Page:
”One of the complaints of minorities – not the LGBT community, but the African-American community – is that we have seen tremendous economic growth in all these affluent areas,” says Brooks, himself African-American. ”But when you go to my grandmother’s house in Anacostia, you don’t see that same economic development.”

With deep D.C. roots, however, Brooks’s family also has close ties to the Grays. Brooks’s father, for example, is part of Gray’s campaign committee and Brooks went to school with Gray’s son. But Brooks says he’s only once met Chairman Gray, and that his family’s ties aren’t the reason for his strong support of Gray’s campaign. He’s certainly not hostile to Fenty, either.

”I think [Fenty and Gray] have a lot in common,” Brooks says. ”They’re both Washingtonians who truly care about the city and want to see it prosper.”

Politics being politics, though, Brooks has to choose a single candidate to receive his vote: ”I think Vincent Gray will have the leadership skills and connections to do what he says he will do – for all of D.C., not just part of it.”

Unlike Brooks, Lane Hudson is a relative newcomer to D.C., a native South Carolinian who moved to Washington permanently in 2006, though he’d lived here off and on some years prior. He was just in time to vote for Fenty when he initially ran for mayor.

”I’d say he’s done an okay job as mayor, but we deserve a lot better,” Hudson says today, having moved from Fenty supporter to what he calls a ”Vince Gray evangelist.” Actually, he’s one of Gray’s strongest – some might say loudest – gay supporters. Hudson, pledging to knock on doors, make phone calls, or undertake any other traditional campaign exercise to see Gray become D.C.’s next mayor, says he’s anxious about the possibility of four more years with Fenty as mayor, arguing that a second term would validate Fenty’s ”one-sided approach to everything.”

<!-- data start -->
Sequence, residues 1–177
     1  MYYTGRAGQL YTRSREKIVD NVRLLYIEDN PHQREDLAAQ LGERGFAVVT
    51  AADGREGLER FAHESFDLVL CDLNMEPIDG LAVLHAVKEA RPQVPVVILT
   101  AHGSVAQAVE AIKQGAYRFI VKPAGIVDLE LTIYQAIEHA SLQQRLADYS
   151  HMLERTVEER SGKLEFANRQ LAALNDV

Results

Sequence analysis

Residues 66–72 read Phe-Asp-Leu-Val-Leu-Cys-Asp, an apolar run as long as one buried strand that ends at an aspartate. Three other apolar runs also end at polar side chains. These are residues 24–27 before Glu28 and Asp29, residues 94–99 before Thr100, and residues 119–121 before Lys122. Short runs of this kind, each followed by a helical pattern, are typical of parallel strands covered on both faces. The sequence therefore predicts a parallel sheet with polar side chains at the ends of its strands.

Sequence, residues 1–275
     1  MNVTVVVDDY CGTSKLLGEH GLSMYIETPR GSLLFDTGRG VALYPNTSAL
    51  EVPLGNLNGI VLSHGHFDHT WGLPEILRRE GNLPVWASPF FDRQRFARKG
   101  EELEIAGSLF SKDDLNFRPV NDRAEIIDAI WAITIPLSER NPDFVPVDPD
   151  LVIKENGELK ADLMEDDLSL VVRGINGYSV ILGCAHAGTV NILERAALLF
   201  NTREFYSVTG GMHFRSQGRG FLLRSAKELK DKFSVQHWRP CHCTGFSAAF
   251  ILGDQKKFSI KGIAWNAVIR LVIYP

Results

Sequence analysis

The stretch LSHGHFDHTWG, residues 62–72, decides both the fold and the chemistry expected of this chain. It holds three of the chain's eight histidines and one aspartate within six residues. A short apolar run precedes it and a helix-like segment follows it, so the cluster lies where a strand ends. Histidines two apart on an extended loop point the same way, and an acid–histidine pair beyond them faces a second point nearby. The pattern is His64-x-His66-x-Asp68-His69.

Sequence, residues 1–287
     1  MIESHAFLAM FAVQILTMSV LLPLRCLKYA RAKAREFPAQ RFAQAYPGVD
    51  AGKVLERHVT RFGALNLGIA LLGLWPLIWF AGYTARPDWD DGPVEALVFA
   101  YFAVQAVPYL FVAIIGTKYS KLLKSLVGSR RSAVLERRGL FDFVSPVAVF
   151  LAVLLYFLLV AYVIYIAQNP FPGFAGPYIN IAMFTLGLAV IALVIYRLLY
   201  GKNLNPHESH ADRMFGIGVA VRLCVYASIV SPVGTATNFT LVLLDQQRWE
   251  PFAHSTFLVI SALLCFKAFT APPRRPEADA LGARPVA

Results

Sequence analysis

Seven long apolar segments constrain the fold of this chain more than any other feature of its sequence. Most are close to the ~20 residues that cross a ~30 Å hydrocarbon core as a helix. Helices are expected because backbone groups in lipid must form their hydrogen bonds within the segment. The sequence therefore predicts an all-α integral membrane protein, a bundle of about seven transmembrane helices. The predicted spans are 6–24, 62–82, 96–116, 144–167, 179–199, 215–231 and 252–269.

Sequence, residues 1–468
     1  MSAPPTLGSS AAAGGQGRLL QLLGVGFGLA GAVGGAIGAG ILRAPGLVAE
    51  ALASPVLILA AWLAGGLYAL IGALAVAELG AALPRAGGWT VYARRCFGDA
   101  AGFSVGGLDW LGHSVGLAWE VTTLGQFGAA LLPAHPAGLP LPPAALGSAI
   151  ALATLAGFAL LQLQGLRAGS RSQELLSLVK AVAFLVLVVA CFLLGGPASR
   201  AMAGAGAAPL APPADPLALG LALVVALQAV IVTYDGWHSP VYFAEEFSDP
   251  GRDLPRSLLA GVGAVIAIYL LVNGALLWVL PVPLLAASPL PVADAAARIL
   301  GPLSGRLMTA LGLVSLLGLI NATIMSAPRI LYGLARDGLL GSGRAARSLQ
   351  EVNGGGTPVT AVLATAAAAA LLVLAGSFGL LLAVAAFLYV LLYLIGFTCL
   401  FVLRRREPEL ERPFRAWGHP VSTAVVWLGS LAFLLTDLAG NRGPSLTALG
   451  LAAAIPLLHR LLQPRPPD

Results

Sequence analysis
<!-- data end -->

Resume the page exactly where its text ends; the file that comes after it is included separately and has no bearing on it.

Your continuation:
”You can’t run government without input from other people and buy-in from the community,” Hudson continues, arguing that where some see leadership, he sees a mayor deaf to outside opinions. ”He’s consolidated power so much that he’s abusive.”

He sees the opposite in Gray. Some may see the challenger as less charismatic than the current mayor, but not Hudson.

”If Vince Gray wins, I think what we’ll get is a government that is more responsive and more thoughtful – but just as effective,” says Hudson. ”He’s done an amazing job as Council chair. It’s the only time we’ve really had a functioning Council that works together.

”When I compare the two, what I see in Vince that I don’t see in Adrian is that he wants to connect with people. He wants to have an almost Bill Clinton-esque ‘I feel your pain’ relationship with people. He’s also a consensus builder. If you don’t do the work to get stakeholders to buy-in, you’re not going to be successful.”

There are esoteric arguments to be made in any political campaign, nuanced strategies to execute. Jeri Hughes would just be happy to have a job.

Hughes was laid off from her administrative assistant position with the Anacostia Watershed Society in late May due to a funding shortfall at the nonprofit organization trying to clean up Washington’s river.

”Mayor Fenty pledged [there would be] a meeting between the director of Employment Services and the transgender community,” says Hughes, who identifies as a member of that community. ”That still hasn’t occurred, in spite of his open commitment.”